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Doomed duck boot designer had no technical training, court documents reveal

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The inspector says he tried to warn Missouri duck boat company

The inspector says that he tried to ward duck boat company about design flaws for up to 17 people were killed in Missouri.

BRANSON, missouri. – The duck boat that sank in the Missouri lake last week, 17 dead people and the wounding of several others, was built by a self-taught entrepreneur who has little to no technical training, according to new court documents.

Designer Robert McDowell, the former owner of Ride The Ducks is a self-taught entrepreneur who grew up in the tourist town of Branson.

He earned money by changing from and the production of dozens of amphibious vehicles, though he lacked the proper technical skills to do this, according to his own testimony.

In a deposition last year in a separate issue, McDowell said he taught himself how to build and maintain a fleet of duck boats, despite the lack of a training or certification in mechanics.

McDowell managed to Ride The Ducks boat business into a profitable before selling it in 2004.

Since then, Ride The Ducks, by means of the various corporate iterations, is linked to a number of high-profile accidents, including last week’s horrific one that destroyed a whole community. Nine of the 17 people killed last Thursday were members of the same family from Indiana.

On Monday, salvage crews recovered from the Ride The Ducks boat of 80 feet of murky water in the Table Rock Lake, less than 10 miles from Branson.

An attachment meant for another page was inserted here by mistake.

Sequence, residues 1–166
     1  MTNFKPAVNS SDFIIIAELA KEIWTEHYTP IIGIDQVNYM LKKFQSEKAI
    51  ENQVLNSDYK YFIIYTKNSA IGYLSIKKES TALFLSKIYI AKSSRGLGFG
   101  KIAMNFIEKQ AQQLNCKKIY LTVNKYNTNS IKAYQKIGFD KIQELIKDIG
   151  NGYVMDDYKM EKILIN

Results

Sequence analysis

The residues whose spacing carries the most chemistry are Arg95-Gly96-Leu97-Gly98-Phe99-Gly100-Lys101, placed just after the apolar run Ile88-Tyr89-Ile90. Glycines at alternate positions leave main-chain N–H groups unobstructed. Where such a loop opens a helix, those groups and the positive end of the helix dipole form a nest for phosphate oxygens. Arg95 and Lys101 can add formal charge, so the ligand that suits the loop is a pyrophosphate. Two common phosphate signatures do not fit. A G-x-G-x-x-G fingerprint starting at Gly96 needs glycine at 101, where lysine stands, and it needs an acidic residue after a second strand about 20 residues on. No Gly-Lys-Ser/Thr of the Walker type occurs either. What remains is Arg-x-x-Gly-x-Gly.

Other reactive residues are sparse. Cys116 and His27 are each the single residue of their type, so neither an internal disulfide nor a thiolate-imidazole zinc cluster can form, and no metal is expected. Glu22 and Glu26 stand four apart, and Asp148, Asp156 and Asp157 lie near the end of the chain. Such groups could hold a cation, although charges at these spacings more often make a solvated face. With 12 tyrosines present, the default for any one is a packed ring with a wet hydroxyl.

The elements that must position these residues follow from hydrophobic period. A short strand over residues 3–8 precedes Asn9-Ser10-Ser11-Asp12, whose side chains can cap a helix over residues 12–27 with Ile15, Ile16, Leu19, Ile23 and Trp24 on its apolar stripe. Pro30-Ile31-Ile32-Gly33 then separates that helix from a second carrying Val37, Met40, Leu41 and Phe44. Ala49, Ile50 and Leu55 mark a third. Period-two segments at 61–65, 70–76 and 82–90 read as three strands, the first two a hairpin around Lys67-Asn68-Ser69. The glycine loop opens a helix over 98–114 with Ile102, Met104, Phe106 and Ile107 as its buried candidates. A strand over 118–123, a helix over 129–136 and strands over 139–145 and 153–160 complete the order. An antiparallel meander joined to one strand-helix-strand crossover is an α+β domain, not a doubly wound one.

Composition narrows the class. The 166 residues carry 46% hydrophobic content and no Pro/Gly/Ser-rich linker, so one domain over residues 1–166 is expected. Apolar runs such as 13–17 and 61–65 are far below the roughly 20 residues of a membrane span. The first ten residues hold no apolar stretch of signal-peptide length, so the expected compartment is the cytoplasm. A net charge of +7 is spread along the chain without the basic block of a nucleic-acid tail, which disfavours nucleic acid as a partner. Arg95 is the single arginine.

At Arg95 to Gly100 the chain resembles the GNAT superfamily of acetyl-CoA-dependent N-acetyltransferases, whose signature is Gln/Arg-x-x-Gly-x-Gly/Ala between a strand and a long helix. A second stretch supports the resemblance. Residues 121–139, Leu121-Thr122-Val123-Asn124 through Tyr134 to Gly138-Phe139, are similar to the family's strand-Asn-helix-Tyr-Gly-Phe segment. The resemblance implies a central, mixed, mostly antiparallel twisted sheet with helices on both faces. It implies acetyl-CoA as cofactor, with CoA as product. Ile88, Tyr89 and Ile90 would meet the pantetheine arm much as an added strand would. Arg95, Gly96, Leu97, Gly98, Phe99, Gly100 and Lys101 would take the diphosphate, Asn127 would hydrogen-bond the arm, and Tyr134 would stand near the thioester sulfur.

As the ship broke the surface, mid-morning, two small American flag remained visible on the front. Unused orange life jackets dangled from the frame of the boat as a ghostly reminder of the chain of events that occurred less than a week ago.

After pulling the duck boat out of the water, investigators with the National Transportation Safety Board, took the authority of the.

It was not clear how long the investigation will take, but similar projects have taken up to a year.

In an interview with Fox News on Sunday, mechanical inspector Steven Paul said he warned Ripley Entertainment, the company that operates Ride The Ducks in Missouri, about a massive design flaws and dangerous safety almost a year before Thursday’s tragic accident.

Paul, who served in the U.S. Army for six years as a diesel mechanic for the opening of Test Drive Technologies in 2009, told Fox he was hired by Ripley last year to inspect the 24 duck boats. The Florida-based company was interested in buying the company and wanted a review.

“My inspection was so they had the opportunity to know what they are buying before the purchase is final,” Paul said.

Paul said he sent the company a “two – to three-page fleet inspection report” as well as 24 checklist reports, and “as many as 20 pictures for each duck,” he inspected in August 2017. In the report, he warned that the boats motors — and pumps for removing water from their hulls — might fail in bad weather. In rough conditions, water in the exhaust system, and then in the engine, cutting it off. With the engine off, the pump for removing water from the hull would not work.

The duck boat capsized and with 31 people on board when it sank in 40 feet of water. The amphibious ship is destroyed during a fast-moving summer storm that in the near-hurricane gusts of wind, that ripples to big waves.

Mobile phone video from a witness showed the duck boat taking on water and struggling to move for the sink, making it one of the most deadly duck boat accident in AMERICAN history.

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